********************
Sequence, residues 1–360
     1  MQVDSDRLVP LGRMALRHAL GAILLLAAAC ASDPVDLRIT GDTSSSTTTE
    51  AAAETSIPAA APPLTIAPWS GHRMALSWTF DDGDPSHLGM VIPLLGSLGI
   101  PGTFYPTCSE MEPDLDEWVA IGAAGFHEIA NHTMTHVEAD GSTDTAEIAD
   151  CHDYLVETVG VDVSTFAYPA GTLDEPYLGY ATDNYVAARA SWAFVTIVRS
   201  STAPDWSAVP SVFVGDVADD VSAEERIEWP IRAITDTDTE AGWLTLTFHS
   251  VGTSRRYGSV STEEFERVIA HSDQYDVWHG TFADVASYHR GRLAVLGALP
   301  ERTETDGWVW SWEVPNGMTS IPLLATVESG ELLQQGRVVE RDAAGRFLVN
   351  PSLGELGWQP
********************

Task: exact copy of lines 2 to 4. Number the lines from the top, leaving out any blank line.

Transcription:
     1  MQVDSDRLVP LGRMALRHAL GAILLLAAAC ASDPVDLRIT GDTSSSTTTE
    51  AAAETSIPAA APPLTIAPWS GHRMALSWTF DDGDPSHLGM VIPLLGSLGI
   101  PGTFYPTCSE MEPDLDEWVA IGAAGFHEIA NHTMTHVEAD GSTDTAEIAD